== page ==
Sale of Business Proceeds
This story speaks to an example of a couple who sold their business and as a result had a large sum of funds in the bank. This crossroads experience is something many of our clients go through when they approach us for advice. How did Rutherford Rede approach this? Read more by clicking this box.
Sale of Business Proceeds
It is a common circumstance in NZ when approaching retirement that part or all of a family business may be sold as part of the preparation to slow down. Moving into retirement can be a progression so a sale may take place in stages. In fact having a staged transfer of ownership and participation can often work very well for the owners as it allows them to adjust gradually and to develop lifestyle interests that may have been difficult to do during their working lives.
Selling a business should be a planned operation with accountants and advisers involved but astute vendors will have worked out how to maximise the sale value. An orderly sale will involve a few years of planning so that the business is cast in the best possible light to attract the best possible price. Financial planning advice will provide guidance as to what becomes important in this space and how vital it is to have a succession plan that has been well thought through.
Business vendors are looking to sell their business for a capital sum that will often be the key contributor to their retirement capital. They are usually looking for an income stream from the sale value that will provide all or part of their retirement income needs, in effect replacing some or all of the income from their business. Selling a business involves a thorough winding up of all related relationships including removing bank securities guaranteeing any overdraft and terminating all personal guarantees placed across the business.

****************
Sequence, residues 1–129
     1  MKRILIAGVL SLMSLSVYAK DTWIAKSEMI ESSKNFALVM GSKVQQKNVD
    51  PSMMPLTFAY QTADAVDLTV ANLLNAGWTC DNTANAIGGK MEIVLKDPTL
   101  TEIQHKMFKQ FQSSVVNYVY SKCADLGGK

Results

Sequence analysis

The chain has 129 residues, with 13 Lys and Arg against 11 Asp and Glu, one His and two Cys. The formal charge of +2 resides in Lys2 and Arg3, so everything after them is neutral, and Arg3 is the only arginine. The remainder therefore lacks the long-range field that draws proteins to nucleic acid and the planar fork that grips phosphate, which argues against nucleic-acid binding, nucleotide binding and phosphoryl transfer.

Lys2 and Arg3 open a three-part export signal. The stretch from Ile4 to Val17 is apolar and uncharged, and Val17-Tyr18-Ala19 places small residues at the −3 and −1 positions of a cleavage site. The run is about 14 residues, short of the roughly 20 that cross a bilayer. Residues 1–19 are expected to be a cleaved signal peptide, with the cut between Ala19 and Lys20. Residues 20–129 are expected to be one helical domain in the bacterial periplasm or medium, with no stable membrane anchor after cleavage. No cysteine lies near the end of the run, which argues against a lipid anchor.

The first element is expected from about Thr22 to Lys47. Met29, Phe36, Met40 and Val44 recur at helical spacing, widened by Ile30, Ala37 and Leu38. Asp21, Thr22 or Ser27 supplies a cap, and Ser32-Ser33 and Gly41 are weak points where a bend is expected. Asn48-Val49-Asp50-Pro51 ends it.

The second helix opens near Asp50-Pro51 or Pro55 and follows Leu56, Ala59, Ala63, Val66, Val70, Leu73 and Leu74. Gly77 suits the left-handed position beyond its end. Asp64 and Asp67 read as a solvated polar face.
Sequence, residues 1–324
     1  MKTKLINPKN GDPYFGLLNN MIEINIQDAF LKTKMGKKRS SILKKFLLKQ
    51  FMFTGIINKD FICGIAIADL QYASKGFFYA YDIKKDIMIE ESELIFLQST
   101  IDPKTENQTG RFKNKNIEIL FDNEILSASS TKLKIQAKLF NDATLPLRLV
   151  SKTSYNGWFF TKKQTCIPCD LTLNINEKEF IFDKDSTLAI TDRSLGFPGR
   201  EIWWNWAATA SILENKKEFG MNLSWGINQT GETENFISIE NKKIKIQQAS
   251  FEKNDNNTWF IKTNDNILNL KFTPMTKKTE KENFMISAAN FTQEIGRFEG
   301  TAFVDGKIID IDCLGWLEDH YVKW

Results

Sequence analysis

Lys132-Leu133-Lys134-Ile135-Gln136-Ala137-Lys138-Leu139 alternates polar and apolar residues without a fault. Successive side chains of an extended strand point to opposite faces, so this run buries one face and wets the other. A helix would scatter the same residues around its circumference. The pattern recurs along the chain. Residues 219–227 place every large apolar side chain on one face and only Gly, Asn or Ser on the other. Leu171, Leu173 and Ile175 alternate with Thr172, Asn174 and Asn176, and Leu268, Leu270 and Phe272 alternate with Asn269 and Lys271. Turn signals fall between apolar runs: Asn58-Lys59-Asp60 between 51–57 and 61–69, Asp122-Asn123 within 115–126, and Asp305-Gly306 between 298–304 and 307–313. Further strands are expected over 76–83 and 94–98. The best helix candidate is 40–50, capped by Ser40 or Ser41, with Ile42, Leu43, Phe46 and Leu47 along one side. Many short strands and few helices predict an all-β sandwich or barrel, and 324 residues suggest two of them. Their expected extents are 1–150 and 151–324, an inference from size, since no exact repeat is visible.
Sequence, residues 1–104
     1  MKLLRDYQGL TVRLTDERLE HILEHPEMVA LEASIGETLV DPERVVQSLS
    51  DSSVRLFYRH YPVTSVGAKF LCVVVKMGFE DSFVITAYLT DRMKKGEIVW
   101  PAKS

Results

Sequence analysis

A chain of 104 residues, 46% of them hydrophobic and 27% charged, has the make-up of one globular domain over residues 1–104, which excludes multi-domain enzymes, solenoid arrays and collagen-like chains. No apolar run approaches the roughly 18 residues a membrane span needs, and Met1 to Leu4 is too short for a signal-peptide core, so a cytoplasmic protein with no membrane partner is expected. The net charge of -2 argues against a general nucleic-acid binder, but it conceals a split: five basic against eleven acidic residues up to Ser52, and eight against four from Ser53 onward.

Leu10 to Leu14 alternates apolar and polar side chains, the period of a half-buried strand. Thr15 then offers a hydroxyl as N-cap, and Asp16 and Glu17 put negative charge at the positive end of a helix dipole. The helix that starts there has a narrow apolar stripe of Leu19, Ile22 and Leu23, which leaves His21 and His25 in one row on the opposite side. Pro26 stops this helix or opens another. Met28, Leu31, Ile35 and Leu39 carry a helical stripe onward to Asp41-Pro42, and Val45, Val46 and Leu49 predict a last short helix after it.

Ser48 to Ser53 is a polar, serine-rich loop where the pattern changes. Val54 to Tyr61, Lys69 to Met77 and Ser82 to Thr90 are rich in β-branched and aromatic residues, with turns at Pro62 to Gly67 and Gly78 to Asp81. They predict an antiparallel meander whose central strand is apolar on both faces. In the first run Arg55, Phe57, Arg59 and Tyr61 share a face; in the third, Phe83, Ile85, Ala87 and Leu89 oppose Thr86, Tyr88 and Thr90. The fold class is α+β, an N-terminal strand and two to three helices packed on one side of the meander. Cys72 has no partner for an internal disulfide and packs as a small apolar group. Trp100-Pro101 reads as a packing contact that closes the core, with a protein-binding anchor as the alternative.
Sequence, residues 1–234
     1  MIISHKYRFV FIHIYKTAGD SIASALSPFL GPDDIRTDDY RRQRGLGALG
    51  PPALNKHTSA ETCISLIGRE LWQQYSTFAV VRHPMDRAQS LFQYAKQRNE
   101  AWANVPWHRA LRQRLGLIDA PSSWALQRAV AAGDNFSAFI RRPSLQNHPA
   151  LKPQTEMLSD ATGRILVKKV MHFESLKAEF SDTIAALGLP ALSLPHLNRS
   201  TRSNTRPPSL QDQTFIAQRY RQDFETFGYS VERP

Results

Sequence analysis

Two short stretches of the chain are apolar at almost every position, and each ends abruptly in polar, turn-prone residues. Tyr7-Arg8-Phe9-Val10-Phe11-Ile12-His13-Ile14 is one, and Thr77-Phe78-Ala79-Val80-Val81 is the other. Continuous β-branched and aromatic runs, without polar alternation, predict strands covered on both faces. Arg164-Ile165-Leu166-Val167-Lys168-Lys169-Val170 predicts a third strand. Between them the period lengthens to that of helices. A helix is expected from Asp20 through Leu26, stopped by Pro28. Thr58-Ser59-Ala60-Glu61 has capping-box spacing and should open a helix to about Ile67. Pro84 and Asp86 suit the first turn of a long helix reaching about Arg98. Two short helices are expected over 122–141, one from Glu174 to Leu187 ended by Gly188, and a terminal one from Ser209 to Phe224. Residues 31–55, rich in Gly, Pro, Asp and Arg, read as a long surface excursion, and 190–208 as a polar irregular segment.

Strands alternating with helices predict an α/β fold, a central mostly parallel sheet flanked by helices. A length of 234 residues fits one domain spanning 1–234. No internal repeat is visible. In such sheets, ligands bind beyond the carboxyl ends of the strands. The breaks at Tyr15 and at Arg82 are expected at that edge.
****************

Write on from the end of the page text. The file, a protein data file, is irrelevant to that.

Of great importance too is the research vital prior to investing the sale proceeds. What fundamental principles must be applied when looking at an investment portfolio designed to generate income and capital growth over a retirement lifetime? A personal financial plan considers the investor’s needs, their risk profile, their likely longevity, their retirement aspirations, other family needs, and income required to sustain an expected way of life. Portfolio design is crucial to asset protection and to establishing an expected level of growth. This is at the heart of our advice.
Also though there are many other aspects of risk that ought to be reviewed and it is essential that the legal entity by which assets are owned, is fully discussed and understood. Family trusts can be a vital part of an investor’s armoury, also understanding the nuances of income tax, what State entitlements you may have as far as Superannuation is concerned. The appropriateness now of insurances carried during your business lives, any life cover, property cover, medical cover – there are smart ways to consider whether these risk should be covered and if so the style of insurance suitable. We refer you on where specialist advice is required.
As a business-owner and where you have existing professionals you have worked with in tax, accounting and/or law, we will work with these people to ensure that you have a common view from all those concerned about your future financial well-being.
When clients come to see us they are often referred by their longstanding adviser. The sale transaction may have been completed and funds sitting in the bank. At some point the realisation will hit home that returns from the bank are unlikely to provide any sort of sound return on which to build income and growth for retirement.
A Personal Financial Plan will address all relevant issues, it will provide a course of action and a financial roadmap depicting how your wealth will look over your lifetimes. It is often an eye-opener for all those that work with us. The costs of working with us are clearly laid out in the document.